The American public may be reluctant to get vaccinated against the pandemic H1N1 influenza virus, but they are certain about one thing -- they want their healthcare providers to get immunized. A new survey by researchers at the University of Michigan's Mott Children's Hospital found that 87% of 2,365 adults polled believed that healthcare workers should be required to be vaccinated. "The public clearly expects health care workers to lead by example," said Dr. Matthew Davis, director of the poll.
Only 38% of the healthcare workers, however, said that they were likely to do so. Their reasons were confusing, at best. Many said they did not need to be vaccinated because there are drugs -- particularly the antiviral drug Tamiflu -- to treat the illness if it develops. Others said that they planned to get the seasonal flu vaccine and that it would protect them from swine flu.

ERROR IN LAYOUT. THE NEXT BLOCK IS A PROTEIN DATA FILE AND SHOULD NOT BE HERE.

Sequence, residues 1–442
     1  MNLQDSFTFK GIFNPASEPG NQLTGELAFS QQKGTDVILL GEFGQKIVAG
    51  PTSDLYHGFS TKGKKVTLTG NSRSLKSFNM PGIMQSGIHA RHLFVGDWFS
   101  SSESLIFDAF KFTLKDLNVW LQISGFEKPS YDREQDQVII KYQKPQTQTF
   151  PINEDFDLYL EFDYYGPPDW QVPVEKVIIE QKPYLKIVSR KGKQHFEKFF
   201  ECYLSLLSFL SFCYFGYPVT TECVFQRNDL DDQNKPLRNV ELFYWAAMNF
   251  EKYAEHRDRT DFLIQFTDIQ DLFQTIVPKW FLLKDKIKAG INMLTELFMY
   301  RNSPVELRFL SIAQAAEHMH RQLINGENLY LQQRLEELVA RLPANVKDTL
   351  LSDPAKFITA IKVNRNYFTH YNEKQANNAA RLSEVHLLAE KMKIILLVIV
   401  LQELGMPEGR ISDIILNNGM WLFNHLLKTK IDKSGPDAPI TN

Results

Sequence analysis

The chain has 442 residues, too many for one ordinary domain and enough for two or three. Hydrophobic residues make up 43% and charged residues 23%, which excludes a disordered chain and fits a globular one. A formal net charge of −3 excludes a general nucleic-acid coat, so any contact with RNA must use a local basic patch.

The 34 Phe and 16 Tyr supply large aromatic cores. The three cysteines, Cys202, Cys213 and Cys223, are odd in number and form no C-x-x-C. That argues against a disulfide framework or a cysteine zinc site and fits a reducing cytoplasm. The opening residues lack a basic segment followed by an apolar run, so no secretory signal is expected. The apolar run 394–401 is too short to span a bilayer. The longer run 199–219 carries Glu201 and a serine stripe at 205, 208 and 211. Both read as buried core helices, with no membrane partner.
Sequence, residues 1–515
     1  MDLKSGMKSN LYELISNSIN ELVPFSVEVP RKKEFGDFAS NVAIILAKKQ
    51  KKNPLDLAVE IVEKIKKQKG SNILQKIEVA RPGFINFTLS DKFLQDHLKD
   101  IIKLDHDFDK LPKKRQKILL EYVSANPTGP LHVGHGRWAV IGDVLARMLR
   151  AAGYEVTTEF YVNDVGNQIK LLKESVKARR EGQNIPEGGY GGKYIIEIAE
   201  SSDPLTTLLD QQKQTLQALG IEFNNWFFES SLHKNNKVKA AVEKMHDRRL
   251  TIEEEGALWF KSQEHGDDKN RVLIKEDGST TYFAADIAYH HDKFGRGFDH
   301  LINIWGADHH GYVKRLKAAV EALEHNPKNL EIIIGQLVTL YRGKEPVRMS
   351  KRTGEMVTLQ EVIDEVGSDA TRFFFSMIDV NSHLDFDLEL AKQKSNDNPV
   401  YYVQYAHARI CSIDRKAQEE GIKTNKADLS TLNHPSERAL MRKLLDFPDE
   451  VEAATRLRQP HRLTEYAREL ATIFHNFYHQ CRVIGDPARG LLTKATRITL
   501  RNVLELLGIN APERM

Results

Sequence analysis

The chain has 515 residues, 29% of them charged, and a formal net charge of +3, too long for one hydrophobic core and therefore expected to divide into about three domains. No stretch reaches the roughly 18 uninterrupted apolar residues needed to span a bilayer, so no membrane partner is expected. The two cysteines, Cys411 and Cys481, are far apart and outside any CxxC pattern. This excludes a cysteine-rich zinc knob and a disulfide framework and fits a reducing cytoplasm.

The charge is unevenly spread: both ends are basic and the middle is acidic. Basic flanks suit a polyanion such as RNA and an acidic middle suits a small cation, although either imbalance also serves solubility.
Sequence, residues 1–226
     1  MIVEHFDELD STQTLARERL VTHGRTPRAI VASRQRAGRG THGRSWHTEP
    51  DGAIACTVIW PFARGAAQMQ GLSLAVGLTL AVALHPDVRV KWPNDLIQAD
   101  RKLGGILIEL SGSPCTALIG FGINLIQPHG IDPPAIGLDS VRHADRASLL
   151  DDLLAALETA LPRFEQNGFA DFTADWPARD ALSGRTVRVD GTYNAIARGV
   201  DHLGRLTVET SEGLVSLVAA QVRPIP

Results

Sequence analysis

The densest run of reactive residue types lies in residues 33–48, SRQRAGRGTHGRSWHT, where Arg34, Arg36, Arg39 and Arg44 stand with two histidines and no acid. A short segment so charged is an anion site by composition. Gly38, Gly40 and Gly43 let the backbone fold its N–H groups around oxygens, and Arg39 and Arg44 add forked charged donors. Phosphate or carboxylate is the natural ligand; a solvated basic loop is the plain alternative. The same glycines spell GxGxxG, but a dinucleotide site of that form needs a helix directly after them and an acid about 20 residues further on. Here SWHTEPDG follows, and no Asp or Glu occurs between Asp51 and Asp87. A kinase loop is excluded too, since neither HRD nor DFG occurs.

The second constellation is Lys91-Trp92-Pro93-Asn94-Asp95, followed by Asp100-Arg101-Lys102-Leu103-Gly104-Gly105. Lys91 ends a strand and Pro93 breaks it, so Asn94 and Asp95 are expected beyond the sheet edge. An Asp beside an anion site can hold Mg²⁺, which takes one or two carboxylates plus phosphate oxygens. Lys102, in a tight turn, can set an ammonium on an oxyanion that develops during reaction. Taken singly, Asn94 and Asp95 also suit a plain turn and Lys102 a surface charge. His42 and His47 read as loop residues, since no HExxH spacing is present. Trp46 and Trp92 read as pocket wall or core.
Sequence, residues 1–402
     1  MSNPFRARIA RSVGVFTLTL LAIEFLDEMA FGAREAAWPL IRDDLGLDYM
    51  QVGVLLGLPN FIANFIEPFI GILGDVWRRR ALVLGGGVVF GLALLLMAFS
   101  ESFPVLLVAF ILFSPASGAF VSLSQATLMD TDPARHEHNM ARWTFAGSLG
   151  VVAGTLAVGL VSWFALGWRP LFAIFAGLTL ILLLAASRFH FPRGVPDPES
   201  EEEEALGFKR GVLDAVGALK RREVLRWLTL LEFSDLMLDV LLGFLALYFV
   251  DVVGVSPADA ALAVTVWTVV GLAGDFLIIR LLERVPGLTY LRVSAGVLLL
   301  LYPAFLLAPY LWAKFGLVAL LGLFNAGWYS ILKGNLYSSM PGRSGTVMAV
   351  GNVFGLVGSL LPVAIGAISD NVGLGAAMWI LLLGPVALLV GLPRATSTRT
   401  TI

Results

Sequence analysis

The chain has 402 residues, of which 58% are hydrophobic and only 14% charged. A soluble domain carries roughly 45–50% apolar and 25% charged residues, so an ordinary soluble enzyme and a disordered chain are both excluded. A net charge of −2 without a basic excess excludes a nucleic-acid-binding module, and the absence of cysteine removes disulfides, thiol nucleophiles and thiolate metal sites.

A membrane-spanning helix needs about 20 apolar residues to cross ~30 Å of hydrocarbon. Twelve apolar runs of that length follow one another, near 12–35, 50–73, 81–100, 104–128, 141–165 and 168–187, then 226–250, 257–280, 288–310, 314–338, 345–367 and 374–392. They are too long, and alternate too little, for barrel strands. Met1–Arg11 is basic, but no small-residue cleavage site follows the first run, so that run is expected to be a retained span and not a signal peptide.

The latter rationale is completely wrong. Studies have shown that vaccination for seasonal flu provides no protection against swine flu whatsoever. "In addition, relying on medications to treat H1N1 flu is a gamble" because resistance to the drug is likely to develop and there may not be adequate supplies if a severe outbreak occurs, Davis said.
The Times receives many e-mails from anti-vaccine folks arguing that healthcare workers are refusing to get vaccinated "because they know something about the vaccine that the public doesn't." What really seems to be the case, however, is that they know less about the flu than most citizens.
-- Thomas H. Maugh II